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Anglicans Online last updated 1 August 1999
BISHOPS' WORDS AND ACTIONS AT LAMBETH CAUSE GREAT PAIN AT HOME
Bishop's Diary / by Bishop Terence Finlay
Transcribed from the September 1998 issue of The Anglican, the diocesan newspaper of the Diocese of Toronto, until such time as that issue is available online on the Diocese of Toronto's web site.
I am writing this diary from Canterbury, England, where I have been working with 750 bishops from the world-wide Anglican communion for three long weeks.
Lambeth is an amazing experience with heart-breaking stories from the persecuted churches in Pakistan and the Sudan; worship from Papua New Guinea which filled my soul with refreshed spirituality; and always there is the wonder of the cultural diversity and inter-connectedness of our global church.
That diversity comes with a price when cultures meet head to head in discussions of issues and attitudes. One of the most difficult was around human sexuality, the subsection where I was slotted for working time.
It was not easy to be there. Bitter, hate-filled language was used. Even our conservative Canadians felt like "flaming liberals." Our subsection was not well served by the conference: the organisers had greatly underestimated the division that occurred. We had no resource material, no adequate process.
But we managed to come up with a document that was broad enough for general agreement in our very diverse subsection. It was when it went to the larger group that it was torn apart. The vehemence spilled out of the discussion room on to the street in front of news reporters and photographers. It was disgraceful behaviour by bishops who saw gay and lesbian people as less than human.
On the final day of the conference, I addressed our larger group and in an attempt to reach the hearts of the more fundamentalist bishops, I used the old image of bishops as shepherds of flocks. I told them that they needed to know that because of what they had said and done, members of my flock were in great pain.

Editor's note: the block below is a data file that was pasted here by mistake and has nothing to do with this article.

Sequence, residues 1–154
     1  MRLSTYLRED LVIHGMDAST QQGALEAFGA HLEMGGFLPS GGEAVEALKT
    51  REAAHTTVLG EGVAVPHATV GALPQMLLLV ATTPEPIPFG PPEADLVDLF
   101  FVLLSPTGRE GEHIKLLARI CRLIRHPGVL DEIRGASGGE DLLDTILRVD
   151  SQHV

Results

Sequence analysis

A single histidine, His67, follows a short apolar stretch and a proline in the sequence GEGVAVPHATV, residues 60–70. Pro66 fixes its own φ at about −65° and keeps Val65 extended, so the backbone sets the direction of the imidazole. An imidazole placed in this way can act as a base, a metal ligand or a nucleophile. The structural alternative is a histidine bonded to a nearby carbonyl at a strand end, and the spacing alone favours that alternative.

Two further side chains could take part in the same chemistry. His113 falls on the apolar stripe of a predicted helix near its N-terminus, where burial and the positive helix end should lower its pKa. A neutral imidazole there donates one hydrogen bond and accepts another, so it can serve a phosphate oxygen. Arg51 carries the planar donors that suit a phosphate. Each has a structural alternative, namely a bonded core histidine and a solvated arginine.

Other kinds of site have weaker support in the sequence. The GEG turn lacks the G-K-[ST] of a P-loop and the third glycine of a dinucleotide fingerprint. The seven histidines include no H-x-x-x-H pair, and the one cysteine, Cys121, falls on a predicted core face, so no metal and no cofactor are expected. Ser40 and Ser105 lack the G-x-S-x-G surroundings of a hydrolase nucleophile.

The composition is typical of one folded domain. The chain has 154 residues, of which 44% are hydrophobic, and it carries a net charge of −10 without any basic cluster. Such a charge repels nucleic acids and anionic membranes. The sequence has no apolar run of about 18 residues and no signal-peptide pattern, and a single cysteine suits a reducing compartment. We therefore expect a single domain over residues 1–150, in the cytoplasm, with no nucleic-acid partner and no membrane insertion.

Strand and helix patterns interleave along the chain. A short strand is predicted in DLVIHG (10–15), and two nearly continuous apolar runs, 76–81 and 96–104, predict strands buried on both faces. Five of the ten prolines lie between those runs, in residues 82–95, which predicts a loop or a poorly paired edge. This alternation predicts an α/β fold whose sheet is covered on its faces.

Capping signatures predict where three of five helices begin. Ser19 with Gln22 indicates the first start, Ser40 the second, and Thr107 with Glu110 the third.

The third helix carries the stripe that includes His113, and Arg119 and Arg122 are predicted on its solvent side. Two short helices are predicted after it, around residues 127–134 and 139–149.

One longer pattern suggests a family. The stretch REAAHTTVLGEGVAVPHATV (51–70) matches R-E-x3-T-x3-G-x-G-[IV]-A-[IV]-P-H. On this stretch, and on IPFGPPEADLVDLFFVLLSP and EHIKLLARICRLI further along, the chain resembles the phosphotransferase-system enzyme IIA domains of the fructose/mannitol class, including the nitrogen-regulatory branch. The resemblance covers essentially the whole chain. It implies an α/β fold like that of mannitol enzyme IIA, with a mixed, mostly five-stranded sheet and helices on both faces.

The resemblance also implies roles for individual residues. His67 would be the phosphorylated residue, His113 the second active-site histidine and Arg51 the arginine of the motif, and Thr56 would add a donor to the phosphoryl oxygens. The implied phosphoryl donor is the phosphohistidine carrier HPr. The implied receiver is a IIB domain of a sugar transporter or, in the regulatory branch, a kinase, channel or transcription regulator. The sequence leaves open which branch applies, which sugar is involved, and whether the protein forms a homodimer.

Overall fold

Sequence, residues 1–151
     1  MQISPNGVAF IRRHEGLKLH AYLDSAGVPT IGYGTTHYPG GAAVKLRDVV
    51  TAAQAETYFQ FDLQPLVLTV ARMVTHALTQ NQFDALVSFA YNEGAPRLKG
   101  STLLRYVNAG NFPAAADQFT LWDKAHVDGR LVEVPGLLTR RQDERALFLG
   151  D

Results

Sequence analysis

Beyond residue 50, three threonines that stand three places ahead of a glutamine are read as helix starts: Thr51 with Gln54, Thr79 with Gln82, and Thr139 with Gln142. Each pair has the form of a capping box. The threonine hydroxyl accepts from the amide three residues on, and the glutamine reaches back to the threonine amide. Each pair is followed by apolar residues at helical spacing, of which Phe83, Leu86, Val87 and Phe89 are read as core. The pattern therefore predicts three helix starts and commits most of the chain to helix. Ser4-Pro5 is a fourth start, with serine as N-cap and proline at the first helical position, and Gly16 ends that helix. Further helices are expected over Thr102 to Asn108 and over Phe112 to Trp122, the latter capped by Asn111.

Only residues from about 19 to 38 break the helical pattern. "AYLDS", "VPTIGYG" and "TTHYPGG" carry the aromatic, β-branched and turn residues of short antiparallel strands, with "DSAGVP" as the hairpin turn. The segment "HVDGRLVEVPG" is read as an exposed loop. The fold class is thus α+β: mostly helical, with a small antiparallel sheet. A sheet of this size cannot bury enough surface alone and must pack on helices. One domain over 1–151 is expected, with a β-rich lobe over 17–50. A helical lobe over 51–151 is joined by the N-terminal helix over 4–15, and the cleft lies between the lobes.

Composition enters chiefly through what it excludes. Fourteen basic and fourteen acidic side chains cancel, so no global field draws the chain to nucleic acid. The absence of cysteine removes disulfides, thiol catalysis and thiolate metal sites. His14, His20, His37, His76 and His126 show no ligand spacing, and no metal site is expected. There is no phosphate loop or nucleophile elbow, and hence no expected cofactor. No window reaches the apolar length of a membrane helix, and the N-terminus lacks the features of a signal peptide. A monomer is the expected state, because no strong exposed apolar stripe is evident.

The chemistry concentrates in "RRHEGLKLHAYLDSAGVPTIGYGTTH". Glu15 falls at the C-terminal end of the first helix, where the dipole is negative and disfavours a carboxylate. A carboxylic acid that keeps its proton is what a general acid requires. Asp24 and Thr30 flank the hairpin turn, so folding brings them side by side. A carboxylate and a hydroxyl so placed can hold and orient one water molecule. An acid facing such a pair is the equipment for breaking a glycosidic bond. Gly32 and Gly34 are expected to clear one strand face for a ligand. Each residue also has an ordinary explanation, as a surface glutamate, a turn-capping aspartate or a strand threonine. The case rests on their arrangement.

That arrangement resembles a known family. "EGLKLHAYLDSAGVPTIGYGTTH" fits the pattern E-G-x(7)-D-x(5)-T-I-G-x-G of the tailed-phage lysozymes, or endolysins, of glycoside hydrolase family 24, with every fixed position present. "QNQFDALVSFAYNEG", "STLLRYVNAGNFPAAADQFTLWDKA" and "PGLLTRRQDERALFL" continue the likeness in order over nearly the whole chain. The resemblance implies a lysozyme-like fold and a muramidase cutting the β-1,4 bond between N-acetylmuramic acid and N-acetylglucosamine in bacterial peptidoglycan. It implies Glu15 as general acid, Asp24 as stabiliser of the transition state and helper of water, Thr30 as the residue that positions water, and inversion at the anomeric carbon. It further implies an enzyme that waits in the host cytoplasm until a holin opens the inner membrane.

I went on to say that people in the diocese of Toronto love and support the world-wide Anglican communion. There has always been a strong commitment to the life of the wider church.
"I need to tell you that in the past few days, some will have difficulty with our resolution on human sexuality. But many will be greatly offended by the reported behaviour of some of my fellow bishops. The image of a bishop shaking his fist at a young gay Christian and trying to exorcise another, is appalling. When speaking against same-gender commitments, a bishop suggested the next option will be dogs and cats. Our Anglican Communion has been wounded by such words -- deep offence has been given."
I thought that hope would be reclaimed in the morning worship when a bishop said, "In Christ there is neither Jew nor Greek, neither slave nor free." I desperately wanted him to go on to say, "neither straight nor gay" -- but no such insight or apology.
I closed by saying, "And so, my brothers and sisters, our beloved Anglican communion has been wounded, particularly in my diocese of Toronto. Please pray for us, as we shall pray for you."
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